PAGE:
The piecemeal release of FBI files in the Russia collusion investigation has masked an essential fact: James Comey’s G-men had substantially debunked the theory that Donald Trump’s campaign conspired with Moscow by the time the 45th president was settling into the Oval Office, according to declassified memos, court filings and interviews.
And that means a nascent presidency and an entire nation were put through two more years of lacerating debate over an issue that was mostly resolved in January 2017 inside the bureau’s own evidence files. The proof is now sitting in plain view.
In rapid fire sequence in January 2017, U.S. officials:
- received multiple warnings about the credibility of informant Christopher Steele and his dossier;
- affirmed key targets of the FBI counterintelligence investigation made exculpatory statements denying collusion to undercover sources;
- concluded retired Lt. Gen. Mike Flynn, Trump’s first national security adviser, was not engaged in collusion with the Russians.
The latter revelation has mostly escaped much notice, contained in a single sentence in a once-sealed court motion filed by Flynn defense attorney Sidney Powell that requested what is known as Brady material, or evidence of innocence.
That motion dated Sept. 11, 2019 requested access to “an internal DOJ document dated January 30, 2017, in which the FBI exonerated Mr. Flynn of being ‘an agent of Russia.’”
Flynn’s motion is confirmed by a 2018 letter obtained by Just the News between Special Counsel Robert Mueller’s office and defense lawyers. It shows the DOJ exoneration memo was written after Flynn had been interviewed by FBI agents in January 2017 and after the government learned the former Defense Intelligence Agency chief had kept his old agency briefed on his contacts with Russia, something that weighed heavily against the notion he was aiding Moscow.
“According to an internal DOJ memo dated January 30, 2017, after the Jan. 24 interview, the FBI advised that based on the interview the FBI did not believe Flynn was acting as an agent of Russia,” Mueller’s team wrote in the letter.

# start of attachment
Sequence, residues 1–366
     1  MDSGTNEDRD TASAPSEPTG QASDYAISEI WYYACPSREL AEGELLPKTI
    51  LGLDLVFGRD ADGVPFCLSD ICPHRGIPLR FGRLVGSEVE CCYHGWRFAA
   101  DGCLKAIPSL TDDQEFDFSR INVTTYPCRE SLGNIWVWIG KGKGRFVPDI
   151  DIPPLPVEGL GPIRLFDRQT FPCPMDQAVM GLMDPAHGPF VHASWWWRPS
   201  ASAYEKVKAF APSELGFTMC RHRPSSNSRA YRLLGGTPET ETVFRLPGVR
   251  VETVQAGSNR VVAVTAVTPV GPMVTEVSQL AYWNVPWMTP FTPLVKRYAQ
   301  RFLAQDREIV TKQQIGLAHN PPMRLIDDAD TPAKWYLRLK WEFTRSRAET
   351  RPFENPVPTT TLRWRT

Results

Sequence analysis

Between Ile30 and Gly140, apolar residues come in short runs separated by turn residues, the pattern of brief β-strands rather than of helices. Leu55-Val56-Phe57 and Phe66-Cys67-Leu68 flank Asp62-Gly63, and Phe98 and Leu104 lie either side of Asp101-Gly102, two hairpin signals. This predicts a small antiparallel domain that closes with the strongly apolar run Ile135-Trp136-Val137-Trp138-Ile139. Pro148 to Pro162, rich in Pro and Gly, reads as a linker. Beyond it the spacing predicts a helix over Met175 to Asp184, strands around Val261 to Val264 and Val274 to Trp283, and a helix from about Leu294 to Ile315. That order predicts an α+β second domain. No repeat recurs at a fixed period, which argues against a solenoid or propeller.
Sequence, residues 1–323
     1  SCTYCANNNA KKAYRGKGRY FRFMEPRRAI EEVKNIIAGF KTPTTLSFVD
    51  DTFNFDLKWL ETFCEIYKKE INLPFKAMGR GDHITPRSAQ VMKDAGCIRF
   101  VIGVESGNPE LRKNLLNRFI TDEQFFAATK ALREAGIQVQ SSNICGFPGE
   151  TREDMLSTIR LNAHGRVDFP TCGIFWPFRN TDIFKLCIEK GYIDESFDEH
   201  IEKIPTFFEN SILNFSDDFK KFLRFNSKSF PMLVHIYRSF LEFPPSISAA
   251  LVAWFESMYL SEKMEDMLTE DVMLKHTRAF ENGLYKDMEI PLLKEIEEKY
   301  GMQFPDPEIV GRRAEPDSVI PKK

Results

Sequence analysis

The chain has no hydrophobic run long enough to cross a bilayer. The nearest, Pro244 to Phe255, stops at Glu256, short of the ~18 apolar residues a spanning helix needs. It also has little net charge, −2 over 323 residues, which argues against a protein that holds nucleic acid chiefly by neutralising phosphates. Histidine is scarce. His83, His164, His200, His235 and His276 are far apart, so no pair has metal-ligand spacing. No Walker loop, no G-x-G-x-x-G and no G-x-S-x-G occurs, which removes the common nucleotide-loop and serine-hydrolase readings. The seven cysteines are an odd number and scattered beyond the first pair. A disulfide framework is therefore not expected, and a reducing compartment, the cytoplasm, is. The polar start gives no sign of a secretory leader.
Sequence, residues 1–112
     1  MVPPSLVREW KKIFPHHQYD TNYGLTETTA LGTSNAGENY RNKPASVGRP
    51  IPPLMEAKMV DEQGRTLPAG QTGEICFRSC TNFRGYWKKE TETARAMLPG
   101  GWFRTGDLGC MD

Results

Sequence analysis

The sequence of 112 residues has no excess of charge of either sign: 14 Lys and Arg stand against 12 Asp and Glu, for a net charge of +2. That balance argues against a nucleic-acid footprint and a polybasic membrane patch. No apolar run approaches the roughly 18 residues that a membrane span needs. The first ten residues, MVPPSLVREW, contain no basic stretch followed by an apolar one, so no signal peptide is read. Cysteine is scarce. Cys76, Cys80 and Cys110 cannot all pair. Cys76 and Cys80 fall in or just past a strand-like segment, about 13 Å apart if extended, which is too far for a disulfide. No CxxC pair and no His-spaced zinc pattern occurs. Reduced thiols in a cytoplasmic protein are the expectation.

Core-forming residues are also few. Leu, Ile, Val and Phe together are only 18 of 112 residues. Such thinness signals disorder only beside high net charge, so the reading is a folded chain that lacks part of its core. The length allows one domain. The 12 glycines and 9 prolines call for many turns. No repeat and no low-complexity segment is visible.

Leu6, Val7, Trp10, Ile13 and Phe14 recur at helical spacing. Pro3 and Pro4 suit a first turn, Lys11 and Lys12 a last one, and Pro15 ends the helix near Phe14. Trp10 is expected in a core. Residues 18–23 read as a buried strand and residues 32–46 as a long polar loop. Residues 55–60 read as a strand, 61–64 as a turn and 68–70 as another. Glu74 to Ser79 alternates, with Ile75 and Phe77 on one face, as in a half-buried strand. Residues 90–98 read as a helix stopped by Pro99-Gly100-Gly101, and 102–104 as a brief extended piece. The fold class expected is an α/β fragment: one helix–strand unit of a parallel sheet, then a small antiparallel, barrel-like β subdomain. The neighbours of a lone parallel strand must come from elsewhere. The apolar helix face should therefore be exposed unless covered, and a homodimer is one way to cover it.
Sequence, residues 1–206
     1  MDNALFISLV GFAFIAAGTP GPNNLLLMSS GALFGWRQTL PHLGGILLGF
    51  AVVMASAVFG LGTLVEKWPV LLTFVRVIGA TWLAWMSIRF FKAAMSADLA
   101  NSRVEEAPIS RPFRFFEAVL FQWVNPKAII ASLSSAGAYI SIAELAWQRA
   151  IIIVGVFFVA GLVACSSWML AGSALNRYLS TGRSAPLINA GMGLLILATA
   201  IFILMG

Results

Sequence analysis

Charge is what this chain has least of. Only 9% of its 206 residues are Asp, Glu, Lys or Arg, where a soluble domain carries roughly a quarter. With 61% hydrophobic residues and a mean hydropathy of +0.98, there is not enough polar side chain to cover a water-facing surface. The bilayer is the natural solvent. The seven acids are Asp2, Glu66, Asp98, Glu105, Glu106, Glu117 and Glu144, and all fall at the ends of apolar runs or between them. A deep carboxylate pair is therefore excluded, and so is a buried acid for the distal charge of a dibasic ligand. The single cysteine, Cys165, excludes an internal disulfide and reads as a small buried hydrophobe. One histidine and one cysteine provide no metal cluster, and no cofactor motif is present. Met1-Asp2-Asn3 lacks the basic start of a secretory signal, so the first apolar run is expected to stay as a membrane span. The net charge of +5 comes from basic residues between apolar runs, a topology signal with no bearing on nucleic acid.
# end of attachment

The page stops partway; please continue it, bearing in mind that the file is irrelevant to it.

U.S. District Judge Emmett Sullivan so far has concluded that the exoneration of Flynn on the Russia collusion charge wasn’t relevant to his conviction since he pled guilty to a different crime, making a false statement to the FBI.
But for the American public, such a revelation is momentous.
Less than two weeks into Trump’s presidency the FBI had concluded his national security adviser had not been working as an agent of Russia. While that was the view of federal law enforcement, the false storyline of Flynn as a Russian stooge was broadcasted across the nation, with leaks of his conversations with a Russian ambassador and other tales, for many more months.
In an interview with Just the News and its John Solomon Reports podcast, Powell confirmed she was provided by letter three sentences from the DOJ memo but has been unable to get the full document.
“It’s just horrible,” Powell said. “They gave us a little three lines summary of it and the letter and told us it existed but have refused to give us the actual document, which I know means there’s a lot of other information in it that would be helpful to us.”